Understanding Freemium

You may well have heard the term ‘Freemium’ or in the context of mobile or online gaming ‘Free to Play’. It is becoming ever more common as a method of distribution for software and web services and it is likely that you will have taken advantage of ‘freemium’ product even if you have not previously heard the term.

The origins of the freemium model lies in the use of what was known as ‘Shareware’ in the 1980s and 90s. Often companies would send out floppy or compact disks with sample software for free to consumers usually in a ‘demo‘ or ‘lite’ version. This was designed as a marketing tool to entice people to eventually purchase the full version of the software or service of which they had been sent a sample.

In a contemporary context freemium is the word used to describe a pricing model where a product or service is offered in different levels or tiers. With the first level being free but with restrictions. The restrictions that are placed on use are defined according to what is being offered to the consumer. These are typically applied over a fixed period often a calendar month. The free user will be able to use the product or software within the limits of the monthly restrictions but there is usually no limit placed on the length of time for which some can remain a ‘free user’.

There are a number of ways in which the content or service can be restricted including:

  • Time
  • Number of Uses
  • Bandwidth
  • Space Limited (applicable to cloud storage services)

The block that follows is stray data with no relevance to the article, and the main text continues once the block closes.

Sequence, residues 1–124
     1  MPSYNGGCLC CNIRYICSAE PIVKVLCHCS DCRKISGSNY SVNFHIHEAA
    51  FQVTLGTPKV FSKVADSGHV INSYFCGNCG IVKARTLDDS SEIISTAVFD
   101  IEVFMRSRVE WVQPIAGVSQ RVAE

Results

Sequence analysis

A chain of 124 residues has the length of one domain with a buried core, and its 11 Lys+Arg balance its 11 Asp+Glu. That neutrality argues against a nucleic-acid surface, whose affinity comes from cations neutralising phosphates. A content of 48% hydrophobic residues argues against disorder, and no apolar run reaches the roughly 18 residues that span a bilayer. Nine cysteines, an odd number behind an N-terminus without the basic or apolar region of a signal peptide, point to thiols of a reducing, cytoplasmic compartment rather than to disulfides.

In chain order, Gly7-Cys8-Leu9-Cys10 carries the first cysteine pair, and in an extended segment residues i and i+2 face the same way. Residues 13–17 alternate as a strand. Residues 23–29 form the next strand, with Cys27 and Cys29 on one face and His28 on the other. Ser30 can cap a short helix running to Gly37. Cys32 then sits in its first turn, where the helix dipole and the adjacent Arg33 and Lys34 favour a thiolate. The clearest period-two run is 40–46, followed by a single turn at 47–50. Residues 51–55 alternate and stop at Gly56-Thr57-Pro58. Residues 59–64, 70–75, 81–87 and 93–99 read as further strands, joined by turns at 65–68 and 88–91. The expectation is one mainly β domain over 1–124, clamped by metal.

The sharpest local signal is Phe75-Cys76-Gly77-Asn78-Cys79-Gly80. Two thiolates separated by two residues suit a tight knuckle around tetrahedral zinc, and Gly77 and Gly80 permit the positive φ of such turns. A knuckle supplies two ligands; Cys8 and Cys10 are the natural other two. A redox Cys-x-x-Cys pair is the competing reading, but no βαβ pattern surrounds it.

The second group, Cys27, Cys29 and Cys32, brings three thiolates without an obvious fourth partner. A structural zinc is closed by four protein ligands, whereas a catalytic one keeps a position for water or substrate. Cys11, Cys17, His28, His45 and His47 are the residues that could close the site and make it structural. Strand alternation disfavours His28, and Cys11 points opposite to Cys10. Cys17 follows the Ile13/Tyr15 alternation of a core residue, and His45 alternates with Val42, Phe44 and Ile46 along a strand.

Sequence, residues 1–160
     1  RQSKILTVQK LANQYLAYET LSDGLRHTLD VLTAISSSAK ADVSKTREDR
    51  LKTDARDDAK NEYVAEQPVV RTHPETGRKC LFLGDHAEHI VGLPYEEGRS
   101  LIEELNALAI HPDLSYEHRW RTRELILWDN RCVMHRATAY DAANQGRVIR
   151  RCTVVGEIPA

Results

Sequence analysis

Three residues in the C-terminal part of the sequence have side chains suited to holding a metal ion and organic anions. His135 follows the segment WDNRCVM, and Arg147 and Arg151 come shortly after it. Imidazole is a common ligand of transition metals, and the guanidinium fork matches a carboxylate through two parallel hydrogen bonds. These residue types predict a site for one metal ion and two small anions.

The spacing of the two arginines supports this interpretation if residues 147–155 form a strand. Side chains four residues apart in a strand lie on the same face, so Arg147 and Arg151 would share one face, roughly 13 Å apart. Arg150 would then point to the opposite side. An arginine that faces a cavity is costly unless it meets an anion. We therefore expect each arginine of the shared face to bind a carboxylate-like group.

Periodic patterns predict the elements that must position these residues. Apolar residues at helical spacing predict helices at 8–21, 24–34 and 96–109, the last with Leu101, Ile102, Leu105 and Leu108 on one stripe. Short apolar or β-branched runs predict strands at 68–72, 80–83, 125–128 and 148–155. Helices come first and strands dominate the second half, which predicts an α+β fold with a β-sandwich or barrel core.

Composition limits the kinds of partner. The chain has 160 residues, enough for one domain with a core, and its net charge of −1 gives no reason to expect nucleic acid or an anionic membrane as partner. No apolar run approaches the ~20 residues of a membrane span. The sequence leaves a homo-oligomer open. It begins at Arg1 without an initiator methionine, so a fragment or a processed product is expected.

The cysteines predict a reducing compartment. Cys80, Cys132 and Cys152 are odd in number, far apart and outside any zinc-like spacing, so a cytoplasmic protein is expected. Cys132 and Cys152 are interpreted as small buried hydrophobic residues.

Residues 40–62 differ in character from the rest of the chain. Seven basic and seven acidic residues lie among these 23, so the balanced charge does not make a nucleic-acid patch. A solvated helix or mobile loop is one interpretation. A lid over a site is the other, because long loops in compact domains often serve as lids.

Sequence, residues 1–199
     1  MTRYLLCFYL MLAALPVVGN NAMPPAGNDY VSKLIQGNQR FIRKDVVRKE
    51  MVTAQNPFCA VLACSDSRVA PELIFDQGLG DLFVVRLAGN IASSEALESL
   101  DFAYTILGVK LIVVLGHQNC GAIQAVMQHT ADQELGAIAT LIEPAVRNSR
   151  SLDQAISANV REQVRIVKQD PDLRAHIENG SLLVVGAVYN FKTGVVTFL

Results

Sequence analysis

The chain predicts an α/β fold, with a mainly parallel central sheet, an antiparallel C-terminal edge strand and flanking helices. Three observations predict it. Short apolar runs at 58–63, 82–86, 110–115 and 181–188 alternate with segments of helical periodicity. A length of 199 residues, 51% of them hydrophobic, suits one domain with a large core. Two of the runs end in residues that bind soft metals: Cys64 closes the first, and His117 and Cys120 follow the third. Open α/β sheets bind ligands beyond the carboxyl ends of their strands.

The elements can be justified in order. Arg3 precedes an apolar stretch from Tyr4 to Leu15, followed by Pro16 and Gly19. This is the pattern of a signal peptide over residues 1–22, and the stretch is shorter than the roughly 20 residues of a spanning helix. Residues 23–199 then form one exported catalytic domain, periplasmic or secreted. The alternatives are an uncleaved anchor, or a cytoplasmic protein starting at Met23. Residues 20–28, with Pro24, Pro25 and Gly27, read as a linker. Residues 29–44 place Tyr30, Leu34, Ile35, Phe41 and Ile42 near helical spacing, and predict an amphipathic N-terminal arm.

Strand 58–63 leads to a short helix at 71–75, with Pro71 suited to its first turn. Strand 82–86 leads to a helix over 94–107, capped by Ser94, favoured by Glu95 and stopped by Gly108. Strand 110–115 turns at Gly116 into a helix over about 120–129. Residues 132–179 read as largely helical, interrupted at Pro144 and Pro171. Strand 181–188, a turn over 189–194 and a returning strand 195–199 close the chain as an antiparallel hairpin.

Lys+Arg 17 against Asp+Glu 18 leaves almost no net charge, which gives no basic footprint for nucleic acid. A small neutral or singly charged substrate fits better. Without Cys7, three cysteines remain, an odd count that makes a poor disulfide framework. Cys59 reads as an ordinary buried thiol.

• Effort limited; this is most often seen with mobile games, where all of the content is made available for free, but additional in-game currency may be purchased to speed up the in-game progression

The payment system is then structured in tiers usually with two or three options aimed at personal, business and enterprise users respectively. As with the limitations, the payment structure will vary with each product. What is important is that they reflect how the software is used and ensure that those people who want to get more use out of a product are able to do so.

But why go free? The first and most obvious reason being that it will entice a great deal more users to try the software or service that you are offering. However, this is a win-win situation.

When a user initially registers to try your software or product it is reasonable for you to request certain information from them; name, email address, gender, age and location. All of this data can then be used to help target your marketing. You will gain a great deal of information about the type of people who are interested in making use of your product and where they are.

The aim of any company is to make money and at first, it might seem strange to be advocating giving away your work for free. However in an increasingly overcrowded market it is the expectation of many consumers to be able to ‘try before they buy’.

As a business model, freemium operates on the basis that if a company can convert a small fraction of their free users to paying users they will be able to continue offering their product for free whilst also making a profit and investing in further development.

Image Credits: © Alex wong - unsplash.com